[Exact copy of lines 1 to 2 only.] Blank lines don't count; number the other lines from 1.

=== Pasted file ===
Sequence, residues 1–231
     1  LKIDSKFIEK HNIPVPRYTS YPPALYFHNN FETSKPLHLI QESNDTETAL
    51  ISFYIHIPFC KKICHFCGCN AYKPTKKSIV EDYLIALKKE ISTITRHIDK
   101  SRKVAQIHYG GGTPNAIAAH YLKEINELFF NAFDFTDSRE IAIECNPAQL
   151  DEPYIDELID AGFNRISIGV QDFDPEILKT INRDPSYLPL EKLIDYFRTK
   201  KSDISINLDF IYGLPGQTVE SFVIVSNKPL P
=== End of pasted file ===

Sequence, residues 1–231
     1  LKIDSKFIEK HNIPVPRYTS YPPALYFHNN FETSKPLHLI QESNDTETAL